White nationalist activist and “journalist” Faith Goldy was banned from the crowd-funding platform Patreon last week because of her zealous recital of the world’s most famous white supremacist slogan on a podcast last year, an action she is now defending.
Goldy posted an email she received from Patreon on May 22 that informed her that her account would be removed from the site for violations of its community guidelines on hate speech. She since moved her fundraising efforts to Freestartr, a crowd-funding site built by alt-right activist Chuck Johnson and used almost exclusively by far-right media figures. In a video uploaded this weekend, Goldy expressed her outrage.
“What on Earth did little old me say that could ever qualify as hate speech?” Goldy sarcastically asked, before reading from a part of the email from Patreon that mentioned her recital of the world-famous white supremacist “14 Words” slogan: “We must secure the existence of our people and a future for white children.”
Last year, Right Wing Watch wrote about Goldy’s appearance on a podcast hosted by European alt-right activist Colin Robertson, who is known online as “Millennial Woes,” during which she pronounced the “14 Words.” Despite this, Goldy has still managed to book appearances with high-profile right-wing media outlets such as Infowars.
“We do not support exclusionary ideologies,” Goldy read from Patreon’s email to her.
“If you ask me, banning me is kind of an exclusionary ideology, and as for the 14 Words? Nothing about them is exclusionary whatsoever,” Goldy said. “It doesn’t say that we support one group but not the other, they all have to go.”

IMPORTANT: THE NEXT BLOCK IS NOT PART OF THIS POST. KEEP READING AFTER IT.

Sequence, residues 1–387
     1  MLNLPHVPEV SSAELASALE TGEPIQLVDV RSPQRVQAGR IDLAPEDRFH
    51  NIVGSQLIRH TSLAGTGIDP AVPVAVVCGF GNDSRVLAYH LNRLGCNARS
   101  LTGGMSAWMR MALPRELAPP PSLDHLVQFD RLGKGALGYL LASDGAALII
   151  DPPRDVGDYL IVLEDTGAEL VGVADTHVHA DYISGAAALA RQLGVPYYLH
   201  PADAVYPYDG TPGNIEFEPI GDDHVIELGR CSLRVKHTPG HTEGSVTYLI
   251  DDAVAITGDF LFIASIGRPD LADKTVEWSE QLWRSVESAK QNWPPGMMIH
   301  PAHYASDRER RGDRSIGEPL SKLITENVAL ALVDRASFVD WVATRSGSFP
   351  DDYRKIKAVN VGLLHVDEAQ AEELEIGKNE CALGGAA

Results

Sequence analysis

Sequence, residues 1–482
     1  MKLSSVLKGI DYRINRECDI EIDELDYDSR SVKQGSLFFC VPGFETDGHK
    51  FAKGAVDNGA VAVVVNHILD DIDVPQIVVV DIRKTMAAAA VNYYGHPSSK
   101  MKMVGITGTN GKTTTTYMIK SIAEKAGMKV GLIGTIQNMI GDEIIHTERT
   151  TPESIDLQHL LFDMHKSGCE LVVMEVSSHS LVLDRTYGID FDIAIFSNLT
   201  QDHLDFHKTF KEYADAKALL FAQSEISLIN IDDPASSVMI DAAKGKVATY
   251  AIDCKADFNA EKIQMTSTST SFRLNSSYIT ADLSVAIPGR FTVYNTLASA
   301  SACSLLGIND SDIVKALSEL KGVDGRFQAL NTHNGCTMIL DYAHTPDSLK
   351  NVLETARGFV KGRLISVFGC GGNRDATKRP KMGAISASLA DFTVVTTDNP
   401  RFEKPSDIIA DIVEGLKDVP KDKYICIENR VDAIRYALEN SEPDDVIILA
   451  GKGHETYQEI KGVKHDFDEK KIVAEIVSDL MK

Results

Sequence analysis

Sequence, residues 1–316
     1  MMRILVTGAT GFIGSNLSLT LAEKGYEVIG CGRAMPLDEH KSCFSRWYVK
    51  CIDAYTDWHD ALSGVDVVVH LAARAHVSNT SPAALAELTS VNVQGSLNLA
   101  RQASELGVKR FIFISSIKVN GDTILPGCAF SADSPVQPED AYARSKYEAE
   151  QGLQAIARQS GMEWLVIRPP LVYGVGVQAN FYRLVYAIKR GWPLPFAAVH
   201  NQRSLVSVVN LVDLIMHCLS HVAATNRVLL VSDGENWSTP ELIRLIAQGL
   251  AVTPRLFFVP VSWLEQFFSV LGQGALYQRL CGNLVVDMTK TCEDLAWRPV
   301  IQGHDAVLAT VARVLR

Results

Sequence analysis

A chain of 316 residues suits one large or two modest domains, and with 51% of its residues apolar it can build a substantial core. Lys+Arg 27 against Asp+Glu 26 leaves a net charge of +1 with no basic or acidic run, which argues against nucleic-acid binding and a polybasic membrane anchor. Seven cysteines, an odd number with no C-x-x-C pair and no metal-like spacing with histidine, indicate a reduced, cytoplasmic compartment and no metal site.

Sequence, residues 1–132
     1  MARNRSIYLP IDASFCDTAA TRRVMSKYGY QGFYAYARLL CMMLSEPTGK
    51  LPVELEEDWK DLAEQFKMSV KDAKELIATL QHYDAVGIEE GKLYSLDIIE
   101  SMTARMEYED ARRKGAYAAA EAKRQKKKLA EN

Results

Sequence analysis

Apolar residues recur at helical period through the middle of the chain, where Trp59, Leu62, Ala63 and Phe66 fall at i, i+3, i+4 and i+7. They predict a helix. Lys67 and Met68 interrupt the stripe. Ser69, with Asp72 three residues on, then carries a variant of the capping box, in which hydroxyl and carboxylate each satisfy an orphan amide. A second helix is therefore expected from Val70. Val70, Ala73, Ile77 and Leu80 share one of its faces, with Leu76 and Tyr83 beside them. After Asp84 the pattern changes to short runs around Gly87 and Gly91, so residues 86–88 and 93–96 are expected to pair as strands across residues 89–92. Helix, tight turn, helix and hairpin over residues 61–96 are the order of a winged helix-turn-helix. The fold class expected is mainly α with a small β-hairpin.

“When Patreon said that I ‘recently’ said the 14 Words on a podcast that, friends, was a lie. I actually did so way back in December of 2017. I was appearing as a guest on a YouTube channel hosted by one Millennial Woes, where I was encouraged to say the 14 Words, something that I did without hesitation specifically because I wanted to articulate, as I did in the video, that these words in and of themselves are not hate speech,” Goldy said. “This is a simple statement of survival.”
She then proceeded to roll a compilation of footage of her soliciting signatures on a petition she made that replaced “white children” in the “14 Words” with “aboriginal children” to make her point.
“The truth of the matter is, what I said is not hate speech,” Goldy concluded. “And if it is, it’s only because people have a problem with white people saying that about themselves, and that makes them the bigots.”